Research has revealed new details on how pregnant mothers’ smoking harms their babies.

Previous studies have shown that maternal smoking is associated with lung under-development, airflow limitation, an increase in the risk of respiratory infections and development of airway hypersensitivity and asthma.

Research by University of Technology Sydney (UTS) scientists has revealed that oxidative stress is the major mechanism by which developing offspring are harmed when cigarettes are smoked during pregnancy.

“Prior to the study, it was thought that nicotine caused most adverse effects on the health of mothers and their offspring,” Associate Professor Brian Oliver said.

“When a person smokes, however, additional toxic chemicals and billions of free radicals (oxidants) are inhaled, enter the blood stream and affect the whole body.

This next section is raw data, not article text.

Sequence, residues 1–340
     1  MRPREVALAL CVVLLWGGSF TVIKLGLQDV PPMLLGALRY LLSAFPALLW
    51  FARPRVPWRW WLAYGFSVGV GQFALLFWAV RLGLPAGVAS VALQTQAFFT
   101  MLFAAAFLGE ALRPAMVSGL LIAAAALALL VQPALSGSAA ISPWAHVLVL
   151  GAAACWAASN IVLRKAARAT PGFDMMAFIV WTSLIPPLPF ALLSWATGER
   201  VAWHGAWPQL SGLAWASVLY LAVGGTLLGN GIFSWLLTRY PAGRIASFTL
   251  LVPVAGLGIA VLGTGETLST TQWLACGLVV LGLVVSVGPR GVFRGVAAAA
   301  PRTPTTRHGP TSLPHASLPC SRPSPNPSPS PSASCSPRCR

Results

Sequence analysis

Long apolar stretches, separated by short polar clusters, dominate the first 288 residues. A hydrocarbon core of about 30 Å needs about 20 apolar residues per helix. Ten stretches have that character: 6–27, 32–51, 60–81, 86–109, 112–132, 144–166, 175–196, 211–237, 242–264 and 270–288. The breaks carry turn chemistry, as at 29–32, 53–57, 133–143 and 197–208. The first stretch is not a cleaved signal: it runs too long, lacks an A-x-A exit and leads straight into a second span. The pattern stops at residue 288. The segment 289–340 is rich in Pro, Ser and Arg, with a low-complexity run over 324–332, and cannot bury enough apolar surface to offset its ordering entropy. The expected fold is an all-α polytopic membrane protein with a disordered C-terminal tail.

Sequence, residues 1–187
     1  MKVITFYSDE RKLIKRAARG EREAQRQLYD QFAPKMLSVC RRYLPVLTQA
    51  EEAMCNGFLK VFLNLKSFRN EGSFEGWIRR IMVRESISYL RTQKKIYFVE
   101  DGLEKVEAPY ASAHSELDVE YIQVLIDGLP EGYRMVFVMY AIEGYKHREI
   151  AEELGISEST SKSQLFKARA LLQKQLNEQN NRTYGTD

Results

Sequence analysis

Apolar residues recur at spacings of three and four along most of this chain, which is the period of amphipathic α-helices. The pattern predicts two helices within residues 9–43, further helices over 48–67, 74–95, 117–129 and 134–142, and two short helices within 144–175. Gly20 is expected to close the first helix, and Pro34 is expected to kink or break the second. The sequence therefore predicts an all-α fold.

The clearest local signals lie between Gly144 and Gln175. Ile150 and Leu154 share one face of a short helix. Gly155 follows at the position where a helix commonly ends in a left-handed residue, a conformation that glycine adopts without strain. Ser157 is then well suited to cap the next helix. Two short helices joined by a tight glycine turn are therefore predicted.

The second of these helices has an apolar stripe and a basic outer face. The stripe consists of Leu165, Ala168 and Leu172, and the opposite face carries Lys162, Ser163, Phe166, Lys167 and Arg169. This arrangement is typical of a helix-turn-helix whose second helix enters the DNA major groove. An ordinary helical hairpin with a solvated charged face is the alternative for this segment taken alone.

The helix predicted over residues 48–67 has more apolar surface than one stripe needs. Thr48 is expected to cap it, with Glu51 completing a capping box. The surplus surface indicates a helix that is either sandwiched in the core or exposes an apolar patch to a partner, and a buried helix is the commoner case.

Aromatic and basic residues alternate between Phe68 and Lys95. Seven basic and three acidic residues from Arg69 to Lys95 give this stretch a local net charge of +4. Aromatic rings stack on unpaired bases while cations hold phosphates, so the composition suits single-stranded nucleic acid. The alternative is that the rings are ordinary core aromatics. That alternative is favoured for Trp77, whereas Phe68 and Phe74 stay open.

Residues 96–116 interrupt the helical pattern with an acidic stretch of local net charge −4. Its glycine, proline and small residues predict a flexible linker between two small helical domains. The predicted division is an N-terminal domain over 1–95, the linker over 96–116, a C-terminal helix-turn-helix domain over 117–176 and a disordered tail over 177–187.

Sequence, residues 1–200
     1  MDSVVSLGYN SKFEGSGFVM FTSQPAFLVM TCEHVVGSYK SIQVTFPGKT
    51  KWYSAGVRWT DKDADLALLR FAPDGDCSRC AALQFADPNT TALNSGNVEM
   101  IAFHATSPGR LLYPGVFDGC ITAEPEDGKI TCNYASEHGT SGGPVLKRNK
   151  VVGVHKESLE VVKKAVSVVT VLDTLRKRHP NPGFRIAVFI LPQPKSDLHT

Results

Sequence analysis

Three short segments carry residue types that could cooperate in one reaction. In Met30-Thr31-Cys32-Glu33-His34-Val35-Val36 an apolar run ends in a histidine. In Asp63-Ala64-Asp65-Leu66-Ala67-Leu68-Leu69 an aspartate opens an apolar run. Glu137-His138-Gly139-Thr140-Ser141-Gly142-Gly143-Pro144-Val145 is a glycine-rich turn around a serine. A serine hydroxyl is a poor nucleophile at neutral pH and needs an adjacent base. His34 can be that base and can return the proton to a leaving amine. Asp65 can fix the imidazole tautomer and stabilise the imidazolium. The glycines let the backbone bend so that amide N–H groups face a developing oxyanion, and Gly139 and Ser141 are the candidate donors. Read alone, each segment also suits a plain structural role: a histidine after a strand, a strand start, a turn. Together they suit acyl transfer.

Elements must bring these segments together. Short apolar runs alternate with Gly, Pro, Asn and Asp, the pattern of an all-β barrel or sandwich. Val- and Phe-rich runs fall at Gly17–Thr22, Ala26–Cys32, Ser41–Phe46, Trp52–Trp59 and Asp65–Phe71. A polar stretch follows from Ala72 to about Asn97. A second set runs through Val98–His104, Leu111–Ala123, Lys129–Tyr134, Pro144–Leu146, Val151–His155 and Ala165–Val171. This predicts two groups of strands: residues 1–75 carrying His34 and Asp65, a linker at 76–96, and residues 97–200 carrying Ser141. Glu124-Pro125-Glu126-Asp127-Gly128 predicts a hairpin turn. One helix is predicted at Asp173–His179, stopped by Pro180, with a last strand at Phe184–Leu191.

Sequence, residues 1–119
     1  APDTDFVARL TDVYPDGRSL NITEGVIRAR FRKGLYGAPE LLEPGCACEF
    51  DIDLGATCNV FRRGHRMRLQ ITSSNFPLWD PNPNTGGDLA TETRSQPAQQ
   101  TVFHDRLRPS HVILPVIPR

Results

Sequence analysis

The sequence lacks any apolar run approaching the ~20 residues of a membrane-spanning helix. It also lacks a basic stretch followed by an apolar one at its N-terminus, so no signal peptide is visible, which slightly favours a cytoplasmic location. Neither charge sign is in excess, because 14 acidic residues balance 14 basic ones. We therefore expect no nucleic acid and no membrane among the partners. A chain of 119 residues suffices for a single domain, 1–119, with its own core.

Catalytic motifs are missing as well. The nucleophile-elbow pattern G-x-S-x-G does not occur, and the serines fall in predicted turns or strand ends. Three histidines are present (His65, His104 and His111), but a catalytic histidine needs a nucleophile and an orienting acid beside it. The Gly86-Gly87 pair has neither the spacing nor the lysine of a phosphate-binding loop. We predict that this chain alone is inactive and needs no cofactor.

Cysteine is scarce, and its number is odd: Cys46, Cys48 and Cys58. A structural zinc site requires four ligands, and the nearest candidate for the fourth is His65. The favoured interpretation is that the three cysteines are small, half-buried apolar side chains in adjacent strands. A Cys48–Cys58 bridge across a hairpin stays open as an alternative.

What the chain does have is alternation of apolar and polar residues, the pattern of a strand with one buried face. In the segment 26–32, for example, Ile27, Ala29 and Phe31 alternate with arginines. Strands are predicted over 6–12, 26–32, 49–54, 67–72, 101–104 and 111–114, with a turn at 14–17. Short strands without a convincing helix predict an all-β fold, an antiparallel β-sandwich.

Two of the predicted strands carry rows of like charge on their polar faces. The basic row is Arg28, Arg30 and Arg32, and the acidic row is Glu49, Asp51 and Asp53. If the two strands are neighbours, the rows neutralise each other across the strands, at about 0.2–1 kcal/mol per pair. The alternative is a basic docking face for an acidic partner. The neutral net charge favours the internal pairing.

“Free radicals are molecules like hydrogen peroxide (H2O2) that are highly reactive and can chemically change (similar to bleaching) tissues in the body. For pregnant women, the response to these chemicals extends to the developing child,” he said.

The research group’s study also showed that maternal smoking during pregnancy may increase the risk of chronic inflammatory conditions in offspring’s lungs, making them more susceptible to certain pulmonary disorders such as asthma or chronic obstructive pulmonary disease (COPD) in adulthood, an area that has been identified for further investigation.

The research also has implications for pregnant women that live in polluted areas or use electronic nicotine delivery systems. The research team is actively pursuing these areas.

The study is accessible here.